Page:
#1 Ranked Children’s Hospital by U.S. News & World Report
MyPatients provides referring primary care providers with secure access to their patients’ information.
Boston Children's has launched the world's 1st program dedicated to offering hand transplants to children who qualify.
Innovation insider is a semi-monthly e-newsletter analyzes innovations at Boston Children’s, other academic medical centers and from industry.
Read the latest blog by a Boston Children's doctor, clinician or staff member.
There are many ways you can help children and their families get the care they need.
At Boston Children's Hospital, our Orthopedic Center's Hand and Orthopedic Upper Extremity Program provides comprehensive care—including evaluation, diagnosis, consultation, surgery, non-surgical therapies and follow-up care.
In general, your child's doctor will determine treatment based on whether your child is having problems using her arm, rather than the absolute position of the forearm.
Some children's forearms lie in functional positions, and never need surgery.
Children who have the problem in both arms, and/or in whom the forearm is fixed in a position that limits their ability to use their arm, may benefit from surgery, preferably before they reach school age.
Surgery can be performed either to remove the abnormal soft tissue or bony connection or to position the forearm in a more functionally acceptable position.
While it's rare that surgery can reconstruct a “normal” joint between the radius and ulna, some children see significant improvement in function from osteotomy (bone-cutting) procedures, in which the forearm bones are surgically repositioned.
At Boston Children's Hospital, we understand that a hospital visit can be difficult, and sometimes overwhelming. So, we offer many amenities to make your child's—and your own—hospital experience as pleasant as possible. Visit the Hale Family Center for Families for all you need to know about:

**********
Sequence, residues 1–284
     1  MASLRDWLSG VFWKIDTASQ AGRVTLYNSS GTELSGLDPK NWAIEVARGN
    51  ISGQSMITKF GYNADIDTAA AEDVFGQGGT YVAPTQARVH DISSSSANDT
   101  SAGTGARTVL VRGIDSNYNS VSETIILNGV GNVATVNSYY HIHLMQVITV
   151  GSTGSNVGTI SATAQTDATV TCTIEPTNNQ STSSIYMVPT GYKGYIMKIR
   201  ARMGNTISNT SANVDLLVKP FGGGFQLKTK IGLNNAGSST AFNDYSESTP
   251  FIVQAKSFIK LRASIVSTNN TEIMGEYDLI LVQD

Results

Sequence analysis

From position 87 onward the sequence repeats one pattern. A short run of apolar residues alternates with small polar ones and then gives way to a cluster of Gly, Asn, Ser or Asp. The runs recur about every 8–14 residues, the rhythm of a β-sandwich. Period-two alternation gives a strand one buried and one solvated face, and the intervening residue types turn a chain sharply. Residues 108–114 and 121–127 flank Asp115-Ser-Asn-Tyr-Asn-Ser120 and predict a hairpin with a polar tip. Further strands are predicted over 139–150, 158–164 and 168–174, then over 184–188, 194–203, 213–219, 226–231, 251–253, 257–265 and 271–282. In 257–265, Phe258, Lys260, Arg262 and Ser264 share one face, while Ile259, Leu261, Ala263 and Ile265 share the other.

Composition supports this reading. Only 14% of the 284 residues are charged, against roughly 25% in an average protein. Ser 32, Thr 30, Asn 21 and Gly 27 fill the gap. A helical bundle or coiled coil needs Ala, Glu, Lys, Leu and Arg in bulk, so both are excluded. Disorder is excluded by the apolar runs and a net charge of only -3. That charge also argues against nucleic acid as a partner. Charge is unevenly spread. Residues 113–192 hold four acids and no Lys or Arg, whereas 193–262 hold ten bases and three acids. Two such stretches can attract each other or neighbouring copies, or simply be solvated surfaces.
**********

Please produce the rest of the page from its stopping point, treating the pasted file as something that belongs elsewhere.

• getting to Boston Children's
• navigating the hospital experience
• resources that are available for your family
In particular, we understand that you may have a lot of questions when your child is diagnosed with radioulnar synostosis. Will this affect my child long term? Will she be able to enjoy regular activities? Children's can connect you with extensive resources to help you and your family through this stressful time, including:
• patient education: From doctor's appointments to physical therapy and recovery, our nurses and physical
therapists will be on hand to walk you through your child's treatment and help answer any questions you may
have—Why will my child need surgery? Are there non-surgical options? How long will her recovery take? How
should we manage home exercises and physical therapy? We'll help you coordinate and continue the care and
support your child received while at Children's.
• parent-to-parent: Want to talk with someone whose child has been treated for radioulnar synostosis? We
can often put you in touch with other families who've been through the same process that you and your child
are facing, and who will share their experiences.
• faith-based support: If you're in need of spiritual support, we'll connect you with the Children's chaplaincy.
Our program includes nearly a dozen clergy— representing Protestant, Jewish, Muslim, Roman Catholic and
other faith traditions—who will listen to you, pray with you and help you observe your own faith practices
during your hospital experience.
• social work: Our social workers and mental health clinicians have helped many families in your situation.
We can offer counseling and assistance with issues such as coping with your child's diagnosis, stresses relating
to coping with illness and dealing with financial difficulties.
We are grateful to have been ranked #1 on U.S. News & World Report's list of the best children's hospitals in the nation for the third year in a row, an honor we could not have achieved without the patients and families who inspire us to do our very best for them. Thanks to you, Boston Children's is a place where we can write the greatest children's stories ever told.”